Recommendation:  For readers looking for a story that's short and silly, but packs a bit more to chew on than your bog-standard "joke's in the title" fluff, this is an easy story to recommend.

Next time:  The Haunting in Ponyville, by JasontheHuman


  1. Replies
    1. Not before it's dry, I won't. That'll just make one hell of a mess.

  2. So this is one of those stories I've heard a lot of people say is a good'un, but that I never actually read, myself. Since it just so happened to be the topic of the day (and it was short), I decided to go ahead and do it, then let it percolate overnight in my brain pan like Chris advised, but... meh. I still didn't find it all that memorable. Perhaps it's because I've never personally had a room-changing-color-but-name-staying-the-same-as-the-previous-color experience, but it just seemed like an odd bit of out of character philosophy, coupled with a handful of somewhat forced references to events that happened in the show (Rainbow Dash calling Twilight an egghead, Rainbow Dash saying Pinkie's mane was going to go flat and she start talking about rocks, etc.), followed up by a weird explanation at the end as to why she was acting that way in the first place. Emotional pony diabetes? Reverse ADHD? Cupcake withdrawals?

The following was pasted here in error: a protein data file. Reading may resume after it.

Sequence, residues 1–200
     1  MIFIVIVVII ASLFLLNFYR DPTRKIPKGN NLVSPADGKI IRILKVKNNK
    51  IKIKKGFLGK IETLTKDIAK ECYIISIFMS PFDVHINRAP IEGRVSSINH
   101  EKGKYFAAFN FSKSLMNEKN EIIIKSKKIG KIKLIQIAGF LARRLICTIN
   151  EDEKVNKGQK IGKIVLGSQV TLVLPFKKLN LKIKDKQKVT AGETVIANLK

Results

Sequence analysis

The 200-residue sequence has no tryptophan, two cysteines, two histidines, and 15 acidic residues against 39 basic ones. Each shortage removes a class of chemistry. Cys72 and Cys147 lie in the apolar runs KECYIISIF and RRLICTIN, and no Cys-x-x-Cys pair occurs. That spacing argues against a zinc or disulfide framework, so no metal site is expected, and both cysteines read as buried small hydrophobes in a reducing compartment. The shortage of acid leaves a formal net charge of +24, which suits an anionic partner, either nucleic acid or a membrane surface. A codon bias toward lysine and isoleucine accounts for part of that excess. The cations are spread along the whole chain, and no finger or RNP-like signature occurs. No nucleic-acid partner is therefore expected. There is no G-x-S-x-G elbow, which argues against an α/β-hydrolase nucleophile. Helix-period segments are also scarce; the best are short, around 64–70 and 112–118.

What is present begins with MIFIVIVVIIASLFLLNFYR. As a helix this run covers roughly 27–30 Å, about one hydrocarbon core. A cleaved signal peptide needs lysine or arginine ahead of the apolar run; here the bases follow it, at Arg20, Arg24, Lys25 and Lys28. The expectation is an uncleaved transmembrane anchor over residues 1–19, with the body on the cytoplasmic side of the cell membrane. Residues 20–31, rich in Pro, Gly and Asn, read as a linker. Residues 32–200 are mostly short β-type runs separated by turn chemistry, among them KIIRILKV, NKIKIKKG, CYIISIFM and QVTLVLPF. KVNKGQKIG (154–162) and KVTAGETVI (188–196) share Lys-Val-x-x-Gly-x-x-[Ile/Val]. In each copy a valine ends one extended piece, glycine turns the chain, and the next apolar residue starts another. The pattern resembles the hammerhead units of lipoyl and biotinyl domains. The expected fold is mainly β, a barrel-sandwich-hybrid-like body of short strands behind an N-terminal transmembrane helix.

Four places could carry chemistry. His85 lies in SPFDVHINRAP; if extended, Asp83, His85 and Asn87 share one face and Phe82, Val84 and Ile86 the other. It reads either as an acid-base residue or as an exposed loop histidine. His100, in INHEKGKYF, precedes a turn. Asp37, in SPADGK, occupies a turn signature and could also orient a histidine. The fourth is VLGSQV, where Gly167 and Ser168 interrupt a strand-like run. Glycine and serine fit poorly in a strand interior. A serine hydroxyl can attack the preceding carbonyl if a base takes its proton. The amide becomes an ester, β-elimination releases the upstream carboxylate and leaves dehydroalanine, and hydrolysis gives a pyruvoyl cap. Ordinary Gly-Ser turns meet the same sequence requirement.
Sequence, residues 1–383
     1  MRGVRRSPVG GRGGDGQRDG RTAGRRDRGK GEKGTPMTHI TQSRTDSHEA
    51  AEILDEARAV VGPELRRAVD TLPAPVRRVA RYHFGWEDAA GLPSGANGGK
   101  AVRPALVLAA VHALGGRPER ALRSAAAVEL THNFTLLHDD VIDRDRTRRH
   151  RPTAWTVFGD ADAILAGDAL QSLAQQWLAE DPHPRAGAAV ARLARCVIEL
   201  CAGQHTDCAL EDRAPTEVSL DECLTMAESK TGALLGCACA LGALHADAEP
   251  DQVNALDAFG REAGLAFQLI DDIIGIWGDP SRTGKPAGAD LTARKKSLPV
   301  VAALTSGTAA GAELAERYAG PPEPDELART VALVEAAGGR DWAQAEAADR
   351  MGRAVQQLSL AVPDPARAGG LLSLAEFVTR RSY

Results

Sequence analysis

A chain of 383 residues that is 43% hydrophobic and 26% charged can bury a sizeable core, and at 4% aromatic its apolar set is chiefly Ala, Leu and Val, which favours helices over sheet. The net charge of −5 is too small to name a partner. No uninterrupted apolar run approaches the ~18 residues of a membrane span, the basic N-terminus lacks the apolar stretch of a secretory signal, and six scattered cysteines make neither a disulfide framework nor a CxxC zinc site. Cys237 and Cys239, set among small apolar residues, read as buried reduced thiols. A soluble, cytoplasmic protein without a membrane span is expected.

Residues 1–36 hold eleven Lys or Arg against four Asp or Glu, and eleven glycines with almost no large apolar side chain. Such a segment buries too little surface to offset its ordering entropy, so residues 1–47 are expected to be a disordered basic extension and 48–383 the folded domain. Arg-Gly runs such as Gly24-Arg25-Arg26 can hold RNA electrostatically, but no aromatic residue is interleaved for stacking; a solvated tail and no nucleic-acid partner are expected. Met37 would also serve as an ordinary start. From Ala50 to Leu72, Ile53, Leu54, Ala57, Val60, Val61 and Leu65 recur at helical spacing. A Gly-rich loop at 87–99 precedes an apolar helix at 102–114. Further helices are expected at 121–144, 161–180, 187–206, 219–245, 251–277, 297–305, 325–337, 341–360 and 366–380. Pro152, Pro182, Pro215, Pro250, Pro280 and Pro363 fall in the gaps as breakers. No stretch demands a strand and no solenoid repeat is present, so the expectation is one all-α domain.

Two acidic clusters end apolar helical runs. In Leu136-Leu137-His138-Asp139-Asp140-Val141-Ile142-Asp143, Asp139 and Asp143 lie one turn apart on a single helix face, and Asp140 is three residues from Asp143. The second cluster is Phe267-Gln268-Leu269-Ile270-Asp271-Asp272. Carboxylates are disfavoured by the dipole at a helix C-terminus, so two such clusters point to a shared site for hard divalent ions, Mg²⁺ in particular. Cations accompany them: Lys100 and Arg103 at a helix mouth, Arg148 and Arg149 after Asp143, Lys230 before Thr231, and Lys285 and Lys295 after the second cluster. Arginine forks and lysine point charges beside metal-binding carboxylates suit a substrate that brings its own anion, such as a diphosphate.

Anyway, it had some good lines in it I liked, and as an in-fandom joke, I guess it's fine, but as an actual story in and of itself, I didn't think it was very good.

  3. While I like this story, I feel like it outshines her better work

    1. She felt the same way.
      It's partly why she left in the first place. Major case of M.O.D.